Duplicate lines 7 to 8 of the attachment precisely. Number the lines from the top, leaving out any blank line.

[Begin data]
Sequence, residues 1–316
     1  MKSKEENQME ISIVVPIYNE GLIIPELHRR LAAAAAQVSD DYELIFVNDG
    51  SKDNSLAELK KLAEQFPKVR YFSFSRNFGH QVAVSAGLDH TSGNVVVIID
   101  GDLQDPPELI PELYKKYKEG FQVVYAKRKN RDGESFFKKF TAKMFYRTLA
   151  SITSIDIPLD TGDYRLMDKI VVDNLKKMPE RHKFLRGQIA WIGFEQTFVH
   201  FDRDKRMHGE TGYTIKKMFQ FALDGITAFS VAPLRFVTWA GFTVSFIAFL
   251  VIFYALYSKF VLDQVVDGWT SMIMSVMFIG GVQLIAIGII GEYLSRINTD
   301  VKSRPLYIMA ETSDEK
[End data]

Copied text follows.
   251  VIFYALYSKF VLDQVVDGWT SMIMSVMFIG GVQLIAIGII GEYLSRINTD
   301  VKSRPLYIMA ETSDEK